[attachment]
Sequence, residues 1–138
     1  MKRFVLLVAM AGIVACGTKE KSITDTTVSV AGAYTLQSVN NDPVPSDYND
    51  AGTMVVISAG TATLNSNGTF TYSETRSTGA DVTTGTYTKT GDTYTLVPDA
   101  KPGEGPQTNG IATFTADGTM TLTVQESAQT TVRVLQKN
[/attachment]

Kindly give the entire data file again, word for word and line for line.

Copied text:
Sequence, residues 1–138
     1  MKRFVLLVAM AGIVACGTKE KSITDTTVSV AGAYTLQSVN NDPVPSDYND
    51  AGTMVVISAG TATLNSNGTF TYSETRSTGA DVTTGTYTKT GDTYTLVPDA
   101  KPGEGPQTNG IATFTADGTM TLTVQESAQT TVRVLQKN